Kat Connors (Shailene Woodley) is being haunted by her mother, Eve (Eva Green), an enigmatic, isolated woman. Eve is being haunted by her past, seeing her youthful vibrancy and beauty in her daughter, which has bred contempt and jealousy. Then, one day, she simply vanishes from Kat’s life. Kat doesn’t know where she went, but believes she left due to the loveless marriages she had with her father. Eve is an absence from her life that she desperately tries to forget. She strikes up a fling with the detective on the case and thenceforth tries to move on in a life unmarred by her parents’ influence. The mystery of her mother’s disappearance lays forgotten until two years later when Kat returns home from college.
Director Gregg Araki has a distinctive style, one that was shown off in his tragic masterpiece Mysterious Skin, but White Bird in a Blizzard arrives not as fully realized as the former. Still, it imbues a similar eeriness in its tonality. In both films the lead characters are trying to shake off the remnants of their past while embracing a reckless energy that courses through them and tells them to dive headfirst into new identities. The way music flits in and out of the film, the surrealist, dreamlike nature of moments in these characters’ lives composed next to the destitute nature of suburbia, ingrains itself in the minds of the viewers. There are moments in Mysterious Skin that I’ll never forget: the lead’s face taking up the majority of the frame as his breath is chilled in the winter air; a blood-stained subway ride home; a moment of resolution and acceptance of past pain as two characters lie next to each other as none-the-wiser carolers sing outside their momentary safe haven. They are forever etched into my mind because of the meticulous care that Araki took in making the singular shots their own stories. While his newest film didn’t leave me quite as speechless, the similarities residing in a troubled teen and the artistry with which he surrounds her are at the very least equally as lasting. Araki is a tremendously talented director.
The problem lies not with the directing of the film, or even really the acting in the film, although I’ll get to that in a second, but with the writing and the pacing. It’s simply a dull film for a large portion of the running time. It teases with a few themes and ideas but never truly expands on any of them, and in the end I found myself digging for a meaning, finding one, and then left wondering if it was the message I was meant to come upon. The movie is about a young woman and her transition into adulthood, and the idea of how young people establish an identity without the input or influence of their parents. We are constantly given contrasts between Kat and Eve. Eve is the picture perfect 50s housewife with her billowing skirts, curled to perfection hair, and neatly done makeup. She’s putting on a show by playing wife and mother, a role that she never expected to resent so much. Kat, on the other hand, leans toward the punk side: she’s effortless and has a confidence that annoys her mother. Even the casting choices of the two are interesting (despite the fact that Green is too young to realistically be Woodley’s mother, but such is Hollywood). Woodley is the girl next door to Green’s larger- than-life woman. Visually they’re perfect contradictions.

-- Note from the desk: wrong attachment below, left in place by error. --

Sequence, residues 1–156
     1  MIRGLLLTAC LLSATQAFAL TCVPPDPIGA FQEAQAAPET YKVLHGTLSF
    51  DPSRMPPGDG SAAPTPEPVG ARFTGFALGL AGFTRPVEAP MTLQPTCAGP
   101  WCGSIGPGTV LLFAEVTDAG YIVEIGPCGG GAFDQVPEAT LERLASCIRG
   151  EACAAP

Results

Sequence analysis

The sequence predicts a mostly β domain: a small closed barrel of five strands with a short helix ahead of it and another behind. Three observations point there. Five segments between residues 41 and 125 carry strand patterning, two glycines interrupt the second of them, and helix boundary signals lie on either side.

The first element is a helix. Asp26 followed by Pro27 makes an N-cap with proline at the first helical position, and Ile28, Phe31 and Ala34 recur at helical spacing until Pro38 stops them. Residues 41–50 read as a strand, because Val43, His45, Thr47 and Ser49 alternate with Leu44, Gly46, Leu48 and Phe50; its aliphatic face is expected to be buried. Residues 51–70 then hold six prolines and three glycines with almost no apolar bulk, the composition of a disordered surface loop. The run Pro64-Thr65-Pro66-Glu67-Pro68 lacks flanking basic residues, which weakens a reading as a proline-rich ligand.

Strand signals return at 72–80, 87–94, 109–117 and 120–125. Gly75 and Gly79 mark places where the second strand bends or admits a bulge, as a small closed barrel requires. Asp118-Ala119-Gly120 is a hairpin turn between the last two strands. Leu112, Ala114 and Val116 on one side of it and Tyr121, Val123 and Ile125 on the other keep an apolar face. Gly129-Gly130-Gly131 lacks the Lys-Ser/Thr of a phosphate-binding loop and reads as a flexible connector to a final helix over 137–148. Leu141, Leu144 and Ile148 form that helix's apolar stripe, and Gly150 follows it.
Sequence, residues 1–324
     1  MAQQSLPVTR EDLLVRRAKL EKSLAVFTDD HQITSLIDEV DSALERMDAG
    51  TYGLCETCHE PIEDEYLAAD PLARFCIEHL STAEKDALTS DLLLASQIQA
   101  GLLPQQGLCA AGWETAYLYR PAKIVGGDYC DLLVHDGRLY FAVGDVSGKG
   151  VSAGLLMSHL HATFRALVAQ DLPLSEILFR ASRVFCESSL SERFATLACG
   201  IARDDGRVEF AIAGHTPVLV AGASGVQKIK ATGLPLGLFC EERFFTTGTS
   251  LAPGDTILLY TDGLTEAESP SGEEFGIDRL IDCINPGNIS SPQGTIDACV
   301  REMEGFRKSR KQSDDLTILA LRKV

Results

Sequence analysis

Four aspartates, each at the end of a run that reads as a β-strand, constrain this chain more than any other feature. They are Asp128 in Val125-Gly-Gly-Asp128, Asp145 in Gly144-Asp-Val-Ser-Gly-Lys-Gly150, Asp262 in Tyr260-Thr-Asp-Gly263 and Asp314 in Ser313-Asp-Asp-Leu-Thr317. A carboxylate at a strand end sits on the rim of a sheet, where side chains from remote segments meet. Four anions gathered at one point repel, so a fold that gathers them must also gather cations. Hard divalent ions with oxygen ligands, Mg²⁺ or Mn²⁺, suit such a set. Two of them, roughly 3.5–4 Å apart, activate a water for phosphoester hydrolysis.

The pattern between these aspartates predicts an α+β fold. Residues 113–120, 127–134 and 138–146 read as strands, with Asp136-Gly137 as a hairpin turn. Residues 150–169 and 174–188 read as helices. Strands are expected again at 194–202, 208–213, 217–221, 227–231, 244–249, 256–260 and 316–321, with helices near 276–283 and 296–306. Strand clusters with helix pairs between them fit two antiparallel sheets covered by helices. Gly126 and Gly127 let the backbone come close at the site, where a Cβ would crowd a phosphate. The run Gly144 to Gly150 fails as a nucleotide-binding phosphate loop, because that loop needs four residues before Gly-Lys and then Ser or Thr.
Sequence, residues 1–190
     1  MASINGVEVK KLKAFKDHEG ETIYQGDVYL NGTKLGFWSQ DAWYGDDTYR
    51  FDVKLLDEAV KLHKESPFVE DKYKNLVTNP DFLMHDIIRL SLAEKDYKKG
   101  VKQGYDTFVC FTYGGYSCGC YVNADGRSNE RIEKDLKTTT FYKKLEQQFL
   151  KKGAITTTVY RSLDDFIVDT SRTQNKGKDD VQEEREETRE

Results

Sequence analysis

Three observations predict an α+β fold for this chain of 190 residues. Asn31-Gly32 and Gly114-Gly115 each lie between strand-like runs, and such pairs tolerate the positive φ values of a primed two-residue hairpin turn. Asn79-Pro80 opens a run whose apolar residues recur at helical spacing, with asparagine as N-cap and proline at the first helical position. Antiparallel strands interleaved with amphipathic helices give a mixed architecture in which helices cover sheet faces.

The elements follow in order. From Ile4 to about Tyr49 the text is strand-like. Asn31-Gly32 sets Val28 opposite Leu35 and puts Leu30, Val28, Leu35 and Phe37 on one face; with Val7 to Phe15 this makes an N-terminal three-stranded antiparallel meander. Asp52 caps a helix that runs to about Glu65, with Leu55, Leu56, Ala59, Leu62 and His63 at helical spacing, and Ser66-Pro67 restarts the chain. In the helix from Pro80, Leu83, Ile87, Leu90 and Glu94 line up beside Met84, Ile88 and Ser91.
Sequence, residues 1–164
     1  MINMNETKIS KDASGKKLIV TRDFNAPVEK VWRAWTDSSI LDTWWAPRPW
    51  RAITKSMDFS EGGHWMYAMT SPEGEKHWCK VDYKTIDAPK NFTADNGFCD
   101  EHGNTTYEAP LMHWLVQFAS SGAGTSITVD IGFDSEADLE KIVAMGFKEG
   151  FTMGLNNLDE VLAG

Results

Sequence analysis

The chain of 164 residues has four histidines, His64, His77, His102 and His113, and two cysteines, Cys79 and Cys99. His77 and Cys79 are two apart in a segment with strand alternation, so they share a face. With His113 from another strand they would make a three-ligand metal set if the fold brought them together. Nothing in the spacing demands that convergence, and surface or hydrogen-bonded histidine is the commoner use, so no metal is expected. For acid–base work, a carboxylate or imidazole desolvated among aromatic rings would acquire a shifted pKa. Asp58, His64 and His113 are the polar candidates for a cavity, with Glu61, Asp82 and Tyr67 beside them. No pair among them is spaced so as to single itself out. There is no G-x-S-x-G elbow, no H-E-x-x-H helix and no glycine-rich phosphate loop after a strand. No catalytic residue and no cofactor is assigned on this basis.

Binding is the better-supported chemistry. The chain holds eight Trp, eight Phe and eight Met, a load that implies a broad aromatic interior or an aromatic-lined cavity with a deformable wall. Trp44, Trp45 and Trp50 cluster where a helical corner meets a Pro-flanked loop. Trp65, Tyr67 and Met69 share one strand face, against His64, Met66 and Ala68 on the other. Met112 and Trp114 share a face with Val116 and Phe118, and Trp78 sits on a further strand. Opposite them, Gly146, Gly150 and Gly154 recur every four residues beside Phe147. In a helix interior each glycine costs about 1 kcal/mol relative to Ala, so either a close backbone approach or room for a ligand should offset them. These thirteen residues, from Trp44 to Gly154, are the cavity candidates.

Sadly, the opposing styles don’t work when it comes to their acting, which in the end only managed to aggravate me. Green plays up the hysteria in Eve’s voice and performs in a scene-chewing manner that leads up perfectly to a character meltdown. However, put that next to Woodley’s subtle charm and the warmth that she supplies, and you have two performances that seem as if they belong in entirely different films. This doesn’t take away from the fine work they both do, but it would have only helped if they’d have meshed more.
The film is interesting. I’m not sure I’d call it good, but Araki has a vision that’s worth tuning in for. He paints these portraits of dysfunction, misery, hysteria, and teenage life in such intricate and colorful ways that it’s hard to peel your eyes away. Not every decision is a good one, but they certainly aren’t typical either.
This is the story of one young girl and the upheaval her life takes when a stagnant presence in her life leaves and she’s given a chance to embrace her singularity. For years she’s lived with her mother’s voice condemning her choices and now all she has is her own self-reliance. It’s choppy, it’s oftentimes slow and unpolished, but it’s a fascinating look at independence and confidence.
White Bird in a Blizzard is on VOD now and hits theaters October 24th.